The Crown Court was told today that the developer disregarded the presence of asbestos insulation board at the site of a former School.
He knew the potentially dangerous material formed part of the pre-fabricated buildings on the site, but ignored advice on its safe removal.
The Health and Safety Executive (HSE) visited the school, which was being converted into a retirement complex during a construction safety initiative. An inspector identified the type of building which is known to contain asbestos, and gave Mr Carlton advice on what he needed to do to comply with the relevant legislation surrounding its removal.
Eight days later, a complaint was made to the HSE by a member of the public advising that the asbestos was not being removed properly. The developer was told to have surveys carried out and to arrange for the licensed removal of the material.
However, when inspectors re-visited the site they found building rubble containing asbestos that had not been properly disposed of. A Prohibition Notice was immediately served to stop all work with, or liable to disturb, the material asbestos and a direction to ’Leave Undisturbed’ was imposed on the piles of contaminated rubble.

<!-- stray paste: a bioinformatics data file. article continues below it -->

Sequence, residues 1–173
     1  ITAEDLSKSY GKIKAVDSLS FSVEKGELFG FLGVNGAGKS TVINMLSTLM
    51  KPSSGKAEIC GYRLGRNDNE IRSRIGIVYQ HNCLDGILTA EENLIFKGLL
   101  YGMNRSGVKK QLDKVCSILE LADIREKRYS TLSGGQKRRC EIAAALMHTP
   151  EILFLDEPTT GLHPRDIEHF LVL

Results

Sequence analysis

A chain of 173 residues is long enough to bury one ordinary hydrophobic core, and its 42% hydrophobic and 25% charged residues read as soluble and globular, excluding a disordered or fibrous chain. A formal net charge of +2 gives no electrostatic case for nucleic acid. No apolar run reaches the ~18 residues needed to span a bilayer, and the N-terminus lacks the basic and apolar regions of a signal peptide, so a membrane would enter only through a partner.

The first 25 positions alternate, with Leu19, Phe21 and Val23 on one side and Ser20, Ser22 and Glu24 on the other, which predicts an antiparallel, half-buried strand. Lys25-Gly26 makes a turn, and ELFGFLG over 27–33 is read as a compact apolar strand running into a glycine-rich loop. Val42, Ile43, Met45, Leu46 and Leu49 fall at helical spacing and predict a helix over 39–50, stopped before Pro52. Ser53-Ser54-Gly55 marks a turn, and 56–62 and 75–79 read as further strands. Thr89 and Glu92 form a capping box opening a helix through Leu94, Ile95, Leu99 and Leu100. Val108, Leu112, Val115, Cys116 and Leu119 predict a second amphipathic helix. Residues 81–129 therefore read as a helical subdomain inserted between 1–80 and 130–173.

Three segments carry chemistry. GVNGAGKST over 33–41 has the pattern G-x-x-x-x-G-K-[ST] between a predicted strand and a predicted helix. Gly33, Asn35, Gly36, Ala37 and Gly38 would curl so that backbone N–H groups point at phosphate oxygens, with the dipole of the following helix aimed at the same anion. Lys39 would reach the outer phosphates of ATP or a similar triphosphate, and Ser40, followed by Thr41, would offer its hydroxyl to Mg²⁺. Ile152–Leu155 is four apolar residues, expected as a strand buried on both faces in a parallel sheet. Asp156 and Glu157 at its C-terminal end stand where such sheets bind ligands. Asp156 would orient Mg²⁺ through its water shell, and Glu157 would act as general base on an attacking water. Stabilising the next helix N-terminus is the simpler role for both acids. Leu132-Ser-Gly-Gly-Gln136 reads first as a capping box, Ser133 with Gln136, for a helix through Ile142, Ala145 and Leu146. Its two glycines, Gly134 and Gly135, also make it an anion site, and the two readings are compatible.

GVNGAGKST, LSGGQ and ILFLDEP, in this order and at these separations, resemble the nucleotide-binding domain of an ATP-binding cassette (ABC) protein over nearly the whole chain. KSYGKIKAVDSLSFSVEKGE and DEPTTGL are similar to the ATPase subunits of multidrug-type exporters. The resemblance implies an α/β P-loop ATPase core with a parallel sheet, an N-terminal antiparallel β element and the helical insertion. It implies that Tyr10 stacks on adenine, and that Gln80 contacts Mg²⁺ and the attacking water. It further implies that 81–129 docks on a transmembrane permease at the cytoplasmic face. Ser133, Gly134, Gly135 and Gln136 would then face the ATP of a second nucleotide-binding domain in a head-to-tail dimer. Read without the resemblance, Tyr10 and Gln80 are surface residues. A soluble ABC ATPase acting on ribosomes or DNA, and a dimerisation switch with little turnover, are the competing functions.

HSE inspectors made a third unannounced visit and found two workers putting asbestos insulation board into a lockable skip and ’dry sweeping’ the dust, which resulted in large clouds of contaminated dust billowing across the site. Work was again stopped until arrangements were made for safe and proper removal of asbestos materials.
The court heard that although employees had been wearing disposable overalls and face masks, no other controls were in place so not enough was done to protect them from the risk of exposure. Dust would have contaminated their clothes and there was no water on site to enable decontamination.
The asbestos containing material should have been dampened down and double-bagged in special bags, before being removed by a licensed contractor. High efficiency vacuum cleaners should then have been used to remove smaller pieces of asbestos and dust rather than a broom.
The developer pleaded guilty to 12 charges in total including single breaches of the Health and Safety at Work etc Act 1974 and Control of Asbestos Regulations 2006, and 10 breaches of the Control of Asbestos Regulations 2012.
He was sentenced to eight months is prison, suspended for two years, for the breach of the Prohibition notice. He was also fined £55,000 and ordered to pay a further £45,000 in costs.